Inquiry in the Classroom

edtech

During this term our class too a field trip to George Jay Elementary to listen to Rebecca Bathurst-Hunt, a kindergarten teacher and co-author of the book Inquiry Mindset. Although I was unable to attend, I did listen to the audio recording of the lecture and it got me feeling pretty excited about practicum and my future as a teacher.

Some of the main points that I took away from the lecture recording are…

First things first, what is in your educator heart!? Rebecca posted a picture of her educator heart with a pretty good reminder to all of us in this feild. She advises us all to find ways to set boundaries and take care of yourself. Think of your educator heart and take a moment to know what you are taking from things and how it fits into your educator heart. Alot of kids find it difficult to learn, and she strives to create conditions where learning is successful.

It was great to hear Rebecca talk about how passionate she is about inquiry based learning, where kids in her classroom have the opportunity to express what they are interested and have that lead their learning. I love this mind set and cant wait to see how I can put it into action and learn from her!

One point that Rebecca made that really resignated with me as well was her emphasis on relationships in the classroom. They are so important! Relationships should be the first thing you are working on in your classroom. She asks “remember what your favourite grade was? It probably stems back to a relationship in that class.” This is so true for me. Every classroom that I remember loving I loved because I loved my teacher, or I loved my classmates, or both! Rebecca notes that relationships are important when it comes to inquiry as well, as they allow for an environmet where children feel comfortable sharing their thoughts and wonderings.

I also really appriciated Rebeccas emphasis on the celebration of learning and making learning visual through inquiry. Rebecca tells us of a quote she has heard from a colleague of hers, “It is not the icing on the cupcake that matters, its the batter” but for Rebecca it IS the icing! The icing is the celebration of learning, the ‘icing on the cake’ that can be done through events and showcases to show learning. This provides an opportunity for students to express their joy in learning.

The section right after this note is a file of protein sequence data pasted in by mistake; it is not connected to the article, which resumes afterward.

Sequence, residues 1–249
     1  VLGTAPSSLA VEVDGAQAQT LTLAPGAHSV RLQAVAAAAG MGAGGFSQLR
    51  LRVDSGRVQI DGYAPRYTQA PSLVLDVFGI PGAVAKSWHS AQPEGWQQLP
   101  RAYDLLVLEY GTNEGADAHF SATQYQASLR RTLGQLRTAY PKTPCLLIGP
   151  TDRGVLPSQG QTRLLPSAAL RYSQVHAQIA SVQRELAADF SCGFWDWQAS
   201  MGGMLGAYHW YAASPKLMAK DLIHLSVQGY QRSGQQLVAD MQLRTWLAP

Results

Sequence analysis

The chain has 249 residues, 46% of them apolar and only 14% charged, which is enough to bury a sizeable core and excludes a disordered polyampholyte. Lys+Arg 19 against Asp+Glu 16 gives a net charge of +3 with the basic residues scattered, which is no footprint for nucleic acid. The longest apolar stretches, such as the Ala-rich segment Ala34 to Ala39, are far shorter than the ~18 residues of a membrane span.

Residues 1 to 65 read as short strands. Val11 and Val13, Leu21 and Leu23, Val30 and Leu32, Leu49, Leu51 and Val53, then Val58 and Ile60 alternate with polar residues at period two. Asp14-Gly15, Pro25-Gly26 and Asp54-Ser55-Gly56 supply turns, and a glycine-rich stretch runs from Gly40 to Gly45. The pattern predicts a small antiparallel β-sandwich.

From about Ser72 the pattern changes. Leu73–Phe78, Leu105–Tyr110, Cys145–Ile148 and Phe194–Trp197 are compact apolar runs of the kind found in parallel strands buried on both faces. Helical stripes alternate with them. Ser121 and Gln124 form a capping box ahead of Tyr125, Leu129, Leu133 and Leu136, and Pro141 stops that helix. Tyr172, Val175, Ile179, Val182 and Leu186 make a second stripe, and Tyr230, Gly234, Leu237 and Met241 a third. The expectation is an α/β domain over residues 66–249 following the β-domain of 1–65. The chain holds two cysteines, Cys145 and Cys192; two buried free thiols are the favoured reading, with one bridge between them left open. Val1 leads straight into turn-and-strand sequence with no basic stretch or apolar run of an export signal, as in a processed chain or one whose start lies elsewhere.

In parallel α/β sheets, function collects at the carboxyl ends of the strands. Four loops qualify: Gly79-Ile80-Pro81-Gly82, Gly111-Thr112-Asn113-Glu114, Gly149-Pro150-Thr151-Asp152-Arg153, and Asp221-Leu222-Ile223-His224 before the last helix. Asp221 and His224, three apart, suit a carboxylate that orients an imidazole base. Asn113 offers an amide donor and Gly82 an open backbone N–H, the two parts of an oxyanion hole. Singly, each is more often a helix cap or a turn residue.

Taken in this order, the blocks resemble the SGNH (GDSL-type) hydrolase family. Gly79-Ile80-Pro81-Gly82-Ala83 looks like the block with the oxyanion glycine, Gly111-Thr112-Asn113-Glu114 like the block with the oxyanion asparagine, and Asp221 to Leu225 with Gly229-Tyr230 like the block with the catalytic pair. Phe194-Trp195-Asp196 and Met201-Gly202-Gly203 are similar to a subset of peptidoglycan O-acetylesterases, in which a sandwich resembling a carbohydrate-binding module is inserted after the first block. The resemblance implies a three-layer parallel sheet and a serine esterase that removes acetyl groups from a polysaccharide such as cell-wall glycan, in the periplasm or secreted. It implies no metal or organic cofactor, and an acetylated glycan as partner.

I liked that Rebecca made alot of connections to practicum and what we might be thinking about in the stage we are in now. She tells us that when lesson planning, see if you can change how you talk about students learning. See if it can be based on a question, rather than you holding all the answers. Inquiry does need to be structured for it to be successful but try to work on having children ask questions and be curious.

Within a classroom there are different ways to honour questions: a wonder wall, a curiosity jar etc. but what does it look like? It is important to have an environment that allows for choice and voice so during practicum try to work on how to allow students to ask questions and have them heard.

I loved all the pictures of Rebecca’s classroom and I really appriciate her effort to keep the items in her classroom natural and wholesome. She tells us to try to build your classroom with your students and have space for collaboration, and start collecting things for your classroom! There will be alot of things that you will want for your classroom, but she tries to keep things on the natural side and open ended where students can use their imagination and play in multiple ways with the same toys.

I really wish I could have gone to this lecture, but I am grateful that I had the chance to listen to what was said and to see some of the visuals that were provided at the lecture. I am so excited to have a classroom of my own one day!

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